Ari Teman grew up in our shul and became a comedian and a tech entrepreneur, but what has happened to him in the eighteen months is no laughing matter. He was convicted several months ago of bank fraud, and is facing a maximum of 30 years in prison when he is sentenced later this month.
What did he do to face a sentence that, in today’s America, murderers, robbers, looters, rioters, arsonists and anarchists would not receive even if they were arrested, prosecuted and convicted? The facts are somewhat complicated but boil down to this.
Ari founded a company called GateGuard to provide a sort of virtual doorman to residential buildings across the country. He contracted with several New York City landlords, some with checkered reputations, and knowing of their history, inserted a clause in the contract that allows him to issue “remotely created checks” and debit the bank accounts of landlords who are in arrears. Apparently, it is a similar clause to one that Airbnb uses to protect itself against non-paying customers. It reads: “You give us permission to write and sign checks with your checking and/or savings account information to do a bank draw against your entity (or entities) for the amount it (or they) owe.” It seems crystal clear – if it is read.
Each landlord duly signed these clauses (they are all online, and clicking on “acceptance of the terms” is how the contract is formalized and activated). When several invoices went unpaid after services were rendered, Ari warned the companies and then duly exercised this clause in the contract, created the checks, deposited them in his account – and was soon after arrested and charged with bank fraud – the creation of these very checks. At trial, claims made by the landlords and their representatives that the contracts were entered into without being read – and that references to this arrangement were somehow ignored or they simply didn’t recall them – were allowed to stand and accorded great weight. And this, despite the reality that their contracts are generally perused by lawyers and representatives. It is a very odd circumstance; most people are well aware that they should never sign something they haven’t read.
Exacerbating the situation, a crime of this sort requires “criminal intent” on the part of the perpetrator. Was there criminal intent here? Well, Ari certainly believed, based on the terms of the contract, that what he was doing was legal. A reasonable interpretation of the agreement should be sufficient to negate the presence of criminal intent. And it should not be lost on anyone that in the sometimes sordid world of New York real estate, it is common for some owners to simply refuse to pay their bills in a timely fashion. They just say “sue me!” That is despicable in its own right, but it is also what engendered the institution of “remotely created checks” in the first place.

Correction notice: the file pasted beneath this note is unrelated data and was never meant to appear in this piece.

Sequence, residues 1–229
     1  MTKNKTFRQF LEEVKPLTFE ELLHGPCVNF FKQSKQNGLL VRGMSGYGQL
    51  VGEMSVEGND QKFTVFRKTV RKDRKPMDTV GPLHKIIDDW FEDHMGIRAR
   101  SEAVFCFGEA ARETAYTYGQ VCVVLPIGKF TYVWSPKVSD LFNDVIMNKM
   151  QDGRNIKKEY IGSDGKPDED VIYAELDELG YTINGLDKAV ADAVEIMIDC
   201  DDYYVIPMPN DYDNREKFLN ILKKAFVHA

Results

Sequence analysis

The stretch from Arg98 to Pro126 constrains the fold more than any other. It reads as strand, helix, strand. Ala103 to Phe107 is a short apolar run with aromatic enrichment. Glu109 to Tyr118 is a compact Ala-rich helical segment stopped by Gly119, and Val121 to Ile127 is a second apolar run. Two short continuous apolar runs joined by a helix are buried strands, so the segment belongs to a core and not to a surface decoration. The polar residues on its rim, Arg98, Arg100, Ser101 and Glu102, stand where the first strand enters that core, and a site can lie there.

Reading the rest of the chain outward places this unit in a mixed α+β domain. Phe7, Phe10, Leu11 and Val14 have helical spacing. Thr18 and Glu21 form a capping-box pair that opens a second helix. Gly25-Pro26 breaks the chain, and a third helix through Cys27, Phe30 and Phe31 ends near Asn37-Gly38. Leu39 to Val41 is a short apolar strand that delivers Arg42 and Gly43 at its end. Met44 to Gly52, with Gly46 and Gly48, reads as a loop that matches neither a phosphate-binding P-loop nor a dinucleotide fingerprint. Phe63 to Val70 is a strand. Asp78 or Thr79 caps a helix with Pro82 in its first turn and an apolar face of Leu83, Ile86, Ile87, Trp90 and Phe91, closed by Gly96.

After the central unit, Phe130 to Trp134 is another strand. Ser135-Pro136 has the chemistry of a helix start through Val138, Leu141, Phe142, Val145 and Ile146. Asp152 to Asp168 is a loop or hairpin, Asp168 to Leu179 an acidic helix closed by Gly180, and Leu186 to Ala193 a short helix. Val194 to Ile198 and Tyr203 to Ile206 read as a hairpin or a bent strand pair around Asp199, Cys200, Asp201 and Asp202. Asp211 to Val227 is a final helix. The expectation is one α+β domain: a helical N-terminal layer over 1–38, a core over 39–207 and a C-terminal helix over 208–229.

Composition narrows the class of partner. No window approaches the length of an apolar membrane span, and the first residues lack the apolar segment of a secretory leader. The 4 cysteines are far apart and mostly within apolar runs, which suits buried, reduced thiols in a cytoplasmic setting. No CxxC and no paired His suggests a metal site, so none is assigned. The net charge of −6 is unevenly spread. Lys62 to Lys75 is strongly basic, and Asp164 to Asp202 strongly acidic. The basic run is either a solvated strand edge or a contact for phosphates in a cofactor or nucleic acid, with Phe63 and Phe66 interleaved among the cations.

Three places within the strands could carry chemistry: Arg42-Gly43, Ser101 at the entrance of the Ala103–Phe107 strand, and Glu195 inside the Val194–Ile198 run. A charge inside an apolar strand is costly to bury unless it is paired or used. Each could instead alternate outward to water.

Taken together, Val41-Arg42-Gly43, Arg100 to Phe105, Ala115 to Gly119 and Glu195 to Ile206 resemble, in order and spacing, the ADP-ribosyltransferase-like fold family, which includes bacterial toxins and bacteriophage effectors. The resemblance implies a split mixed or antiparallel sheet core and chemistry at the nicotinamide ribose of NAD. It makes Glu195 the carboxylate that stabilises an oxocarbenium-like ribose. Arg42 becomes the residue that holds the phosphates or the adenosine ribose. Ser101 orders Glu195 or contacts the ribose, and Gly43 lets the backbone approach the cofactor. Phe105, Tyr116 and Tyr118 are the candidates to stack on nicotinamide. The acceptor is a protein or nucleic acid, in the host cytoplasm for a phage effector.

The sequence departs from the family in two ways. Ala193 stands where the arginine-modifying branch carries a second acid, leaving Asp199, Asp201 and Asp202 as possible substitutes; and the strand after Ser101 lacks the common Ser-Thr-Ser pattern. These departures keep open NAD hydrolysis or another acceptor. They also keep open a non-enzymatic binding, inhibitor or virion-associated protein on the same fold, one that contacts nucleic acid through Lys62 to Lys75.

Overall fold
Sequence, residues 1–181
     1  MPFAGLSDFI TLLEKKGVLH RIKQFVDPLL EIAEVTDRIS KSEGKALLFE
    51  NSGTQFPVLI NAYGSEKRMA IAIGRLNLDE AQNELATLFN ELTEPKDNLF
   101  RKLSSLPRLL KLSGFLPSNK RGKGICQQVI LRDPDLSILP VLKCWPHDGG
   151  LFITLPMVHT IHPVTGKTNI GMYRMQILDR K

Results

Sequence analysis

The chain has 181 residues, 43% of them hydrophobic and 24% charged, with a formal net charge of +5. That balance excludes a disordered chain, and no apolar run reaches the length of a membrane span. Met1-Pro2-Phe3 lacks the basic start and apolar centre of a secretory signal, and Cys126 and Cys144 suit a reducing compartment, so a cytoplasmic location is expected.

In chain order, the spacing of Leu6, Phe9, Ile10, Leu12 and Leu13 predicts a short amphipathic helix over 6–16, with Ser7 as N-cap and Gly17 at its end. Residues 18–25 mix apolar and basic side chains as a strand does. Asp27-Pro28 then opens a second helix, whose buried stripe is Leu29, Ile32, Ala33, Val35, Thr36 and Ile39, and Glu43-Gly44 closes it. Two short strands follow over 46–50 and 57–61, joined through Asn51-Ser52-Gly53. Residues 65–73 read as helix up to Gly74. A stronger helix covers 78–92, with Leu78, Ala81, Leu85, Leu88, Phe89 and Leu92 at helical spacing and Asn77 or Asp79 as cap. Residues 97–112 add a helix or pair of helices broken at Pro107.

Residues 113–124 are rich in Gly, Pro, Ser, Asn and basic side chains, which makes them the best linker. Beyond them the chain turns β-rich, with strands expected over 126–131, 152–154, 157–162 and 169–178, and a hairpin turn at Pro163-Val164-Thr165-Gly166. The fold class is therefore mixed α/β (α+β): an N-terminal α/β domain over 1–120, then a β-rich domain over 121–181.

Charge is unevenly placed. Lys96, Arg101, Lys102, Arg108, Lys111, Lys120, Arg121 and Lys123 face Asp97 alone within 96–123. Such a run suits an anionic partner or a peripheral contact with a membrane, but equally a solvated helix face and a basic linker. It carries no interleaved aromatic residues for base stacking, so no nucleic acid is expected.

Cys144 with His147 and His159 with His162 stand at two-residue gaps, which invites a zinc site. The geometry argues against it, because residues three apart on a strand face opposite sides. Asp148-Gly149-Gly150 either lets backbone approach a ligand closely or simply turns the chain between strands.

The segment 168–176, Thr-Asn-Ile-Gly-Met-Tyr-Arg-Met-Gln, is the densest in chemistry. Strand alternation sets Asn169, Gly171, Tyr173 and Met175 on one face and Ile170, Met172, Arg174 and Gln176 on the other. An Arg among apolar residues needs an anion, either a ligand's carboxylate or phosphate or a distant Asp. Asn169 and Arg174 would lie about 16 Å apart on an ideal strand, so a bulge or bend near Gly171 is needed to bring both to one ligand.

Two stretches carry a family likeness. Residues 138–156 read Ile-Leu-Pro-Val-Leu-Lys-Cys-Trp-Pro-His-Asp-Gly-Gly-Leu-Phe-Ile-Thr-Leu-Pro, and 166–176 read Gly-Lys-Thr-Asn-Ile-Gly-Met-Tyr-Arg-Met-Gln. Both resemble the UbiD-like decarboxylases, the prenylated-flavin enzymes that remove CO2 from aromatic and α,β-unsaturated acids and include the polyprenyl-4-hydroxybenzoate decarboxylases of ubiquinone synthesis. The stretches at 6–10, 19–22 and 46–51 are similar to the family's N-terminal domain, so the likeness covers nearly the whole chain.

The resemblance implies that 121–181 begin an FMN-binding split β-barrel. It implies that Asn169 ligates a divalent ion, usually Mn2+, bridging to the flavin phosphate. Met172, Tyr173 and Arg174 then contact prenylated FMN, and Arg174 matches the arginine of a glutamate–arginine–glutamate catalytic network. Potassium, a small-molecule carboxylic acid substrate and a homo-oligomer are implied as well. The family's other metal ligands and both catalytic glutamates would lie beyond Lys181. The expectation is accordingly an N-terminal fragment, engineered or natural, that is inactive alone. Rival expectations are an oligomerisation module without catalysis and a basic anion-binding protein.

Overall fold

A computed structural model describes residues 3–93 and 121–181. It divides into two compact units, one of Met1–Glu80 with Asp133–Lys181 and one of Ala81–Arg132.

Add to this witches’ brew a post-trial allegation of prosecutorial misconduct for failure to disclose the disreputable history of one of the lead prosecution witnesses and we have the makings of a miscarriage of justice, and one with a potential to ruin a young life.
Are these rogue prosecutors of the sort that have become the bane of the American judicial system? It shouldn’t only be the hoax prosecutions of political figures that attract our attention. Indeed, it should be the ones that target the average individual without access to media hoopla because if we ignore them, then anyone can become a target. And the expense and anxiety of defending one’s innocence can be debilitating.
Prosecutors exercise discretion all the time as to who they will or won’t prosecute. This could have been handled as a civil dispute. As such, it is a clear case of Pidyon Shvuyim. If you are moved by Ari’s plight, and wish to assist his appeal fund, please contribute to his GoFundMe account at https://www.gofundme.com/f/justice-matters-ari-teman-legal-defense-fund .
And, on Ari’s behalf, let us all appeal to the G-d of true justice and abundant compassion.